The Internet Archive is no longer hosting backups of Kiwi Farms, continuing the forum’s removal from major web platforms. Twitch streamer Clara “Keffals” Sorrenti, who has led a recent campaign against the site, publicized the removal yesterday. Another tweet noted that a separate backup site has also been removed; searching either returns a response that “this URL has been excluded from the Wayback Machine.”
Kiwi Farms’ main site has been offline since security provider Cloudflare dropped it earlier this week, citing an “immediate threat to human life” due to threats and potential criminal actions from Kiwi Farms users. But until yesterday, many of its threads were available through the Internet Archive’s Wayback Machine, including posts with personal information about Kiwi Farms targets.
The Internet Archive didn’t respond to a request for confirmation that it had actively excluded the domain, but Kiwi Farms administrator Joshua Moon criticized the removal on Telegram, suggesting the site wasn’t blocked by its own operators.
The move would be an unusual decision for the Wayback Machine, which automatically crawls the web to create a backup of countless sites and pages. Site owners can choose to exclude domains, but they’re otherwise rarely removed except for copyright reasons. The Internet Archive has previously protested requests to delete alleged terrorist content, and controversial sites like the now-rebranded 8chan remain on the Wayback Machine. Some unaffiliated archive sites — which save domains at the request of individual users, not automatically — have retained their backups of Kiwi Farms.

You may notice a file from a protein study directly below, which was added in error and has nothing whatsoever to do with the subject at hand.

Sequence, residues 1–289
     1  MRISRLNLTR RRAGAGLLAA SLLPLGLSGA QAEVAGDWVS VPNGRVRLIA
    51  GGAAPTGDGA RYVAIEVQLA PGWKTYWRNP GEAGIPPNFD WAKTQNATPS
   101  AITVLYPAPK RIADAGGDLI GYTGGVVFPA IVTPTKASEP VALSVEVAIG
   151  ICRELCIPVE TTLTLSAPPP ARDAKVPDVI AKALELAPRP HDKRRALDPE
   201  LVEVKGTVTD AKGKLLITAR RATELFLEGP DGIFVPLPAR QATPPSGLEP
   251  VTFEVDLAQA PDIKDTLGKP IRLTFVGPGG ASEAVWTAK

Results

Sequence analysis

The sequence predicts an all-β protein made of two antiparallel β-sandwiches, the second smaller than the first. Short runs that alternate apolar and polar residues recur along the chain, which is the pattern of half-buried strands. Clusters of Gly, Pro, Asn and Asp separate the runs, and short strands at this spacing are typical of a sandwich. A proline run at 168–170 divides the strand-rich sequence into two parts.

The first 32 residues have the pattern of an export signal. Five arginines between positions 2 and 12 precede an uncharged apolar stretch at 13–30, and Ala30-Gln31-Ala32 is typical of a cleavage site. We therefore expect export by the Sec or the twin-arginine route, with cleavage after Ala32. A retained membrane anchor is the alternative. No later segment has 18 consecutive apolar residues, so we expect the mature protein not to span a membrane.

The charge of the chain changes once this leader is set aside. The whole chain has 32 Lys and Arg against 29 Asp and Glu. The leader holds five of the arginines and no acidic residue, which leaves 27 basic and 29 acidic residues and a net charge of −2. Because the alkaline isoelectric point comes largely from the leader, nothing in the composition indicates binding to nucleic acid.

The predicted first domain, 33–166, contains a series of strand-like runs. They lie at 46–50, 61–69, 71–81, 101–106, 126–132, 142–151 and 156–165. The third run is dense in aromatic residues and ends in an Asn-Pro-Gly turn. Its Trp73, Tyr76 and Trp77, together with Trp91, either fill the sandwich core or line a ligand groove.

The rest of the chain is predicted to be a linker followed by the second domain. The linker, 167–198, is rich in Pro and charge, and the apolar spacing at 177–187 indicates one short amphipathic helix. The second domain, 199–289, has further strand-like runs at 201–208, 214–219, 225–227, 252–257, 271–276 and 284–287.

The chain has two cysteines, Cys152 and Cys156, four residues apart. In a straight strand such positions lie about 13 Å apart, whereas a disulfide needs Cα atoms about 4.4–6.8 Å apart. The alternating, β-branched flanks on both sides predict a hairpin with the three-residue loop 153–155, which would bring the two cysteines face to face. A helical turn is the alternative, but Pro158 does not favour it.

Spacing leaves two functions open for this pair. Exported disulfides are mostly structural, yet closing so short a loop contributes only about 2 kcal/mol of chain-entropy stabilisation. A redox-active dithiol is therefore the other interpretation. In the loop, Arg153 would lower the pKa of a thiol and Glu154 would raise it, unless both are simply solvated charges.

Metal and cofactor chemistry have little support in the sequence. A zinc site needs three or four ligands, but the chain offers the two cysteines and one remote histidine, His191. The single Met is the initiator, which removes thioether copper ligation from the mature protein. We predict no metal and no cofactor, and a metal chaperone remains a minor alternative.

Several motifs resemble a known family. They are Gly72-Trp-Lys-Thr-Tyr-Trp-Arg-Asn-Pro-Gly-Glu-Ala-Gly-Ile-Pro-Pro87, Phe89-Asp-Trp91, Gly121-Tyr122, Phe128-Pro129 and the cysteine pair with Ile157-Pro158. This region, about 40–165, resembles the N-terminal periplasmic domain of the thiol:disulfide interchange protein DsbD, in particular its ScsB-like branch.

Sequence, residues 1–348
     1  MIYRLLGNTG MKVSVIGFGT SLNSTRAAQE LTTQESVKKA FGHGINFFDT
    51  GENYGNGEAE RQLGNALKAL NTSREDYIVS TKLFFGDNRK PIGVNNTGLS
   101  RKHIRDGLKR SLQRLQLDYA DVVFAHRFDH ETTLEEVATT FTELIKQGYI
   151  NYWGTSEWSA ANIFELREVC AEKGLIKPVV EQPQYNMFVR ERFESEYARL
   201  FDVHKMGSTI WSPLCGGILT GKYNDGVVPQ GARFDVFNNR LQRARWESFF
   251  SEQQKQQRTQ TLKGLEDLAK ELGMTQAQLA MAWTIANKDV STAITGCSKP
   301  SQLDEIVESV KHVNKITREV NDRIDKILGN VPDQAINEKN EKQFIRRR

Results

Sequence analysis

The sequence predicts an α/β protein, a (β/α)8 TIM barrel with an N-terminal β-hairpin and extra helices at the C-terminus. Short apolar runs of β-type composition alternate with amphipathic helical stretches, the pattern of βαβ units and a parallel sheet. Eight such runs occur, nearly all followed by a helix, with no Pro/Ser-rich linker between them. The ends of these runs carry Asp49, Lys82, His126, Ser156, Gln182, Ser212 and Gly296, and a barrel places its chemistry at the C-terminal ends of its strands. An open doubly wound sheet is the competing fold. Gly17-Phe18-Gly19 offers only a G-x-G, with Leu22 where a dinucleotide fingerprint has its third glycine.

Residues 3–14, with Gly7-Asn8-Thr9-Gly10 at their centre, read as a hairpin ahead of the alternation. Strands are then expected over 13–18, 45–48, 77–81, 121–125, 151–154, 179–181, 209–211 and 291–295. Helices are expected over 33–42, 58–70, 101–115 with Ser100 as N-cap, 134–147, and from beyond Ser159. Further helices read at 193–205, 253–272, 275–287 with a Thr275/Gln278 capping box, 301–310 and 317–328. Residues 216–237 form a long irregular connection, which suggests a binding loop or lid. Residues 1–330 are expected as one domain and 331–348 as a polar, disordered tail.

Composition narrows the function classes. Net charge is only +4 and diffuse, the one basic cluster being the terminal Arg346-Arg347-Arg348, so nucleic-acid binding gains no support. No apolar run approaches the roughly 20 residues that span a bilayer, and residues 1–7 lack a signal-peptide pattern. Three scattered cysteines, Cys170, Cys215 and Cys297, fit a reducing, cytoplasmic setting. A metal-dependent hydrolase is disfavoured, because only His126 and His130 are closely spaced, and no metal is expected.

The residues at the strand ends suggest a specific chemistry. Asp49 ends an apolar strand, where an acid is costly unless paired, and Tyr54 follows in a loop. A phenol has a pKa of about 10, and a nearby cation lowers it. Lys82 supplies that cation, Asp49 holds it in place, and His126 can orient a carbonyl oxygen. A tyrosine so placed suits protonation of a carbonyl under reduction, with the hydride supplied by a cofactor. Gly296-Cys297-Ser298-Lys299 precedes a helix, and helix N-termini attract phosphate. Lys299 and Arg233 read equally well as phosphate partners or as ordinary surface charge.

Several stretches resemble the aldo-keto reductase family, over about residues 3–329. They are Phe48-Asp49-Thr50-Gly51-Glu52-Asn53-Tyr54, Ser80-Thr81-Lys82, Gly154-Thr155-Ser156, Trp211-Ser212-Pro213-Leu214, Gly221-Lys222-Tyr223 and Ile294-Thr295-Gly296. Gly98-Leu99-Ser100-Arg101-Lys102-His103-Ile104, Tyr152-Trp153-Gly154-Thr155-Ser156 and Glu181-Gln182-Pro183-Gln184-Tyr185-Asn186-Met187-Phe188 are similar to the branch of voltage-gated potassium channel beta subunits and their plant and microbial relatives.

Supporters of the Drop Kiwi Farms campaign celebrated the Internet Archive’s decision. “Internet heroes right here,” tweeted Yonah Gerber, who urged the Archive to remove the site. Kiwi Farms is known for collecting and publicizing personal details about targets it holds in contempt, many of whom are transgender women like Sorrenti. While the site ostensibly discourages direct harassment, Sorrenti has faced swatting attacks and persistent threats during her campaign, and other targets have had similarly ugly experiences. Kiwi Farms has been allegedly linked with three suicides, including an emulator developer who blamed the site for a relentless harassment operation soon before their death.
While Moon launched a Tor-based backup of Kiwi Farms, he’s struggled to find companies to host a stable replacement, and the Wayback Machine had provided one of the easiest ways to spread information while it was offline. Removing that backup doesn’t erase the site’s existence from the internet — but it’s one of the closest equivalents.